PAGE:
You’re Not Alone If You Feel Down At The Start Of The Year

Every year, people across the globe turn to the holiday season as a way to escape stress and enjoy family time. Unfortunately, after the holidays are over, many people feel a sense of sadness and fatigue as they return to their everyday lives.

In fact, according to a survey conducted by the American Psychological Association, nearly half of Americans feel more fatigued after the holidays than before them.

So if you are feeling down after the holidays have passed and are looking for ways to cope with your post-holiday blues, read on for helpful tips.

Common Symptoms and Causes of Post-Holiday Blues

Post-holiday blues can present itself in various forms such as feeling fatigued or irritable all the time, difficulty concentrating or sleeping soundly, sudden change in appetite or weight gain/loss, loss of interest in activities you once enjoyed, and feelings of hopelessness or guilt.

The holiday season is filled with excitement and joy for many people, but it can also be a huge source of stress. From planning holiday parties and buying gifts to juggling work deadlines and family obligations, it’s no wonder why so many people experience post-holiday blues when January rolls around.



Put A Priority On Your Mental Health In The New Year

The new year brings with it a sense of renewal and fresh starts. As we look to the future, it’s important to remember that taking care of our mental wellbeing is just as important as physical health.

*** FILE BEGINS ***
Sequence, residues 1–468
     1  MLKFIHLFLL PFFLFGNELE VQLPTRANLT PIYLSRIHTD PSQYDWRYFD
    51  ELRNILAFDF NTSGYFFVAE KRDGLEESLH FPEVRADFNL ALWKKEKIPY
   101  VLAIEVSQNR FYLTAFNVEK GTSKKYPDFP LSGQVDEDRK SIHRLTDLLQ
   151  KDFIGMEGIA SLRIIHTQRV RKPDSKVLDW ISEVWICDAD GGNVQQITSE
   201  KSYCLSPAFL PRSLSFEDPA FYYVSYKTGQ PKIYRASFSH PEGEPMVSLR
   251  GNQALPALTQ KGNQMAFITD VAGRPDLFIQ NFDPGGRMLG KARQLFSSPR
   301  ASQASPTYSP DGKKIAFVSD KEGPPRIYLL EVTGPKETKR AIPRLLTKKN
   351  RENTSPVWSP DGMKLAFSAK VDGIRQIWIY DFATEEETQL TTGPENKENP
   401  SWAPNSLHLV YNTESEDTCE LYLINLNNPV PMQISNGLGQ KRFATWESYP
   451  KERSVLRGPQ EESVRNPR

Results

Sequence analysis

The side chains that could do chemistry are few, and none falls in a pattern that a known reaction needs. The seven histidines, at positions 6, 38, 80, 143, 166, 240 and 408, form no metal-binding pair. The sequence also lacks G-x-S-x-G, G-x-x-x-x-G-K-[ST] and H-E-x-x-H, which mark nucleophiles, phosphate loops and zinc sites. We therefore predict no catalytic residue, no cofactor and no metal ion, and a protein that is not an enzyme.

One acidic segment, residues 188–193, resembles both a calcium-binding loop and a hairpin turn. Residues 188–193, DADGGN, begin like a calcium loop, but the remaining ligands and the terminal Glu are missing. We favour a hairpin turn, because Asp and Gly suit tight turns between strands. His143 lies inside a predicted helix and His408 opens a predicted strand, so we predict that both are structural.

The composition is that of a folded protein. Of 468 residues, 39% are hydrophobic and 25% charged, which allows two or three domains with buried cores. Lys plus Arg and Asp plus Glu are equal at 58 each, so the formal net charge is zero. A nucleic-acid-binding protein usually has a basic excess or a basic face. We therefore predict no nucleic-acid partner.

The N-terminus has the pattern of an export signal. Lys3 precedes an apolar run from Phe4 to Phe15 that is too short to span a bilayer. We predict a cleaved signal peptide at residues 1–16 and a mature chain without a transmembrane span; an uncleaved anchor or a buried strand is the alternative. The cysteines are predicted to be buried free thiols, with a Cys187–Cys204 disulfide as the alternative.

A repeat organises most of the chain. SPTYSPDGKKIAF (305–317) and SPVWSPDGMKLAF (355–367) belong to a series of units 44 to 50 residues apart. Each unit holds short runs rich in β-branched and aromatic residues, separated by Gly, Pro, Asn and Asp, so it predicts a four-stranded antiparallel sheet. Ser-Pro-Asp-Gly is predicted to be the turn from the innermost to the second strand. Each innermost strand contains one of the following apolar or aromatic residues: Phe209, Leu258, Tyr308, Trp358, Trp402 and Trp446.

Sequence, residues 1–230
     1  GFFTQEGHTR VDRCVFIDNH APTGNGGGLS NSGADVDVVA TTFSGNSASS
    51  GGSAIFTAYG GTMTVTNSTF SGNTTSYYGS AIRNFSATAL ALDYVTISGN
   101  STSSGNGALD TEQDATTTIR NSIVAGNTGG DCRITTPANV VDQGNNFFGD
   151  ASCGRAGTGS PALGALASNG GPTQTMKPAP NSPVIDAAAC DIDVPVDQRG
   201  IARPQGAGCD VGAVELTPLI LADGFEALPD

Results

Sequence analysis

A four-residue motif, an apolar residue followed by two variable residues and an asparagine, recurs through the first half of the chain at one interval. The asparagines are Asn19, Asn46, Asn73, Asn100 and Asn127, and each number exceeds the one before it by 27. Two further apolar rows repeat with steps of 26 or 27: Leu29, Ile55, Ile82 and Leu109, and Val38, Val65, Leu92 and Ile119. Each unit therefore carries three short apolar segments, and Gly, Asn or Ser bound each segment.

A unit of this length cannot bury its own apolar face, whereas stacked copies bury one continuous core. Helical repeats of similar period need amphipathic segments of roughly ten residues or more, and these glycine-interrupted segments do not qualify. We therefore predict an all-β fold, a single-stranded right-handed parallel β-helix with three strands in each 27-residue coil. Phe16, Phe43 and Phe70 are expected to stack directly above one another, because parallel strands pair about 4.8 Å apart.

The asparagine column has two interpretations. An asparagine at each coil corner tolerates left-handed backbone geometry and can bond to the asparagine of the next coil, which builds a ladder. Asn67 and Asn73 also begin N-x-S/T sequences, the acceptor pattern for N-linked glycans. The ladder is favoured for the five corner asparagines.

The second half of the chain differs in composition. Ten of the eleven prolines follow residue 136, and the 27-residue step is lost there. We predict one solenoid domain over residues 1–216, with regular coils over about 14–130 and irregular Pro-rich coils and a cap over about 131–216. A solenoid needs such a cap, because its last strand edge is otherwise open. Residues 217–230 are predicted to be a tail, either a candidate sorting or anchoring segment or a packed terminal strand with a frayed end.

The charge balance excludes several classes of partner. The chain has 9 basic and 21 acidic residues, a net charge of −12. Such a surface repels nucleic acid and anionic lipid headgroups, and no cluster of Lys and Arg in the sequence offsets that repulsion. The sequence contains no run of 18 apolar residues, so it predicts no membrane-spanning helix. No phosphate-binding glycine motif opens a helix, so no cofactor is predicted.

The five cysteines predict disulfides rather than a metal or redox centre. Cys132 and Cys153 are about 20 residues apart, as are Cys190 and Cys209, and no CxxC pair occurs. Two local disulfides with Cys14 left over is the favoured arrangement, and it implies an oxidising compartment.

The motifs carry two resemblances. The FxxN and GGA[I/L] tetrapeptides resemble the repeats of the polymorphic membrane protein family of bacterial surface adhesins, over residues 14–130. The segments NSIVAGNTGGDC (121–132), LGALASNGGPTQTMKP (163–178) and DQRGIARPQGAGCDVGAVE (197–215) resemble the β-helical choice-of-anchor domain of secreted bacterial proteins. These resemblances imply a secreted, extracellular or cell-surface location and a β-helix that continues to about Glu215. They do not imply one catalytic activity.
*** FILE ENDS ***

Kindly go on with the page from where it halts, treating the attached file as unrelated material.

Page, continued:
Mental health affects many aspects of our lives, from how we interact with family and friends to how we perform at work or school. Fortunately, there are steps you can take to ensure your mental health stays strong in 2023.

The Benefits of Mental Wellbeing

Mental wellbeing is defined as “a positive state of mind that enables an individual to enjoy life and deal with its challenges,



Make The Most Out Of Difficult Family Holidays

The holidays are often a time of joy and celebration, but for some families, the holidays can be difficult due to distance apart, possibly a recent death in the family, lingering tension between family, as well as the argument that everyone knows is going to happen at some point during the party.

Even if your family is facing these challenges, though, there are still ways to stay connected and festive during the holiday season. Read on to learn more about how you can make the most out of a difficult holiday season!



What Are You Thankful For This Holiday Season?

The holiday season is a time for giving thanks and celebrating with family and friends. For many people, it is also a time for reflection and introspection. This year, why not make it a goal to be more thankful for the good things in your life?

Studies have shown that being thankful has many benefits for both your physical and mental health. Gratitude can help you feel happier and more positive, reduce stress and anxiety, improve your sleep quality, boost your immune system,



Holiday Goodies: Plan Ahead & Leave the Guilt at the Door

The holiday season summons two traditions that are better left alone: overconsumption and then guilt about that consumption.

Reign in Your Feasting & Toss the Guilt Out the Window.